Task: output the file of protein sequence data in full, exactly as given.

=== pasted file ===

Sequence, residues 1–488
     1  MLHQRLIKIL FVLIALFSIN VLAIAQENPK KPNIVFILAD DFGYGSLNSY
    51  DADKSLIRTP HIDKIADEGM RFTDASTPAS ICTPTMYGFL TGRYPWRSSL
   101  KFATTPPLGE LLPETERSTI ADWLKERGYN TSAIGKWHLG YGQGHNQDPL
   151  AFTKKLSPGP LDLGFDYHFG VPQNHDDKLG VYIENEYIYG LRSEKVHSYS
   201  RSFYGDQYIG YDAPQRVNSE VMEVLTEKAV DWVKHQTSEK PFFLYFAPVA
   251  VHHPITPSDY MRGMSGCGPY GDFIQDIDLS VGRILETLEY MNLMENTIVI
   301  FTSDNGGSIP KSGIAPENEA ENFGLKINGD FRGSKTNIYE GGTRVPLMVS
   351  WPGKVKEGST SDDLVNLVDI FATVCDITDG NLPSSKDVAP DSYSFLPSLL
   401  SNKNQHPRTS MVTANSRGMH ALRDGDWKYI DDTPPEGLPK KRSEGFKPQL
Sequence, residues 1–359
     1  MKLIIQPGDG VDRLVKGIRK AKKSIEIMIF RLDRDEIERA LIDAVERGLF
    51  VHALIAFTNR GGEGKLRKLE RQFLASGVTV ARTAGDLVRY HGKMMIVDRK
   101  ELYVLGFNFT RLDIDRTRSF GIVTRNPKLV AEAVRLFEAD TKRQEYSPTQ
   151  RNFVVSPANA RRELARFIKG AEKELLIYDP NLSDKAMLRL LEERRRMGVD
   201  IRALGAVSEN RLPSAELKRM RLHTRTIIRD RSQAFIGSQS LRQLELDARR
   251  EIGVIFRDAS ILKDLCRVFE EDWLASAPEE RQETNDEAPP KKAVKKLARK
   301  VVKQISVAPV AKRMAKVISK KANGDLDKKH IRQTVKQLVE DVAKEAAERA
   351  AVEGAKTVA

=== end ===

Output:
Sequence, residues 1–488
     1  MLHQRLIKIL FVLIALFSIN VLAIAQENPK KPNIVFILAD DFGYGSLNSY
    51  DADKSLIRTP HIDKIADEGM RFTDASTPAS ICTPTMYGFL TGRYPWRSSL
   101  KFATTPPLGE LLPETERSTI ADWLKERGYN TSAIGKWHLG YGQGHNQDPL
   151  AFTKKLSPGP LDLGFDYHFG VPQNHDDKLG VYIENEYIYG LRSEKVHSYS
   201  RSFYGDQYIG YDAPQRVNSE VMEVLTEKAV DWVKHQTSEK PFFLYFAPVA
   251  VHHPITPSDY MRGMSGCGPY GDFIQDIDLS VGRILETLEY MNLMENTIVI
   301  FTSDNGGSIP KSGIAPENEA ENFGLKINGD FRGSKTNIYE GGTRVPLMVS
   351  WPGKVKEGST SDDLVNLVDI FATVCDITDG NLPSSKDVAP DSYSFLPSLL
   401  SNKNQHPRTS MVTANSRGMH ALRDGDWKYI DDTPPEGLPK KRSEGFKPQL
Sequence, residues 1–359
     1  MKLIIQPGDG VDRLVKGIRK AKKSIEIMIF RLDRDEIERA LIDAVERGLF
    51  VHALIAFTNR GGEGKLRKLE RQFLASGVTV ARTAGDLVRY HGKMMIVDRK
   101  ELYVLGFNFT RLDIDRTRSF GIVTRNPKLV AEAVRLFEAD TKRQEYSPTQ
   151  RNFVVSPANA RRELARFIKG AEKELLIYDP NLSDKAMLRL LEERRRMGVD
   201  IRALGAVSEN RLPSAELKRM RLHTRTIIRD RSQAFIGSQS LRQLELDARR
   251  EIGVIFRDAS ILKDLCRVFE EDWLASAPEE RQETNDEAPP KKAVKKLARK
   301  VVKQISVAPV AKRMAKVISK KANGDLDKKH IRQTVKQLVE DVAKEAAERA
   351  AVEGAKTVA